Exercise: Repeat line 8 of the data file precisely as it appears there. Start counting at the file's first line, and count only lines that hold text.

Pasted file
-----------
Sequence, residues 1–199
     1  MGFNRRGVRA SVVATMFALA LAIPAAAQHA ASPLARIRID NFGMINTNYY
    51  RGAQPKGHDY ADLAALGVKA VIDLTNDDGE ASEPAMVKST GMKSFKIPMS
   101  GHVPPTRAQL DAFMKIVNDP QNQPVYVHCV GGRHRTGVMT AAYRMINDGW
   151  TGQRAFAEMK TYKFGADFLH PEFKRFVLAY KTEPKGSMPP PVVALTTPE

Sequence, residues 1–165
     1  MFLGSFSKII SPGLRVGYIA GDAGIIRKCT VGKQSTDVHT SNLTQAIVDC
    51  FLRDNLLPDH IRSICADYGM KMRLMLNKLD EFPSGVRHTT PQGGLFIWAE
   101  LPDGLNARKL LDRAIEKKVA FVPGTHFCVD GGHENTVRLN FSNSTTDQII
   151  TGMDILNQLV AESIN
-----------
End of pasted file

    51  FLRDNLLPDH IRSICADYGM KMRLMLNKLD EFPSGVRHTT PQGGLFIWAE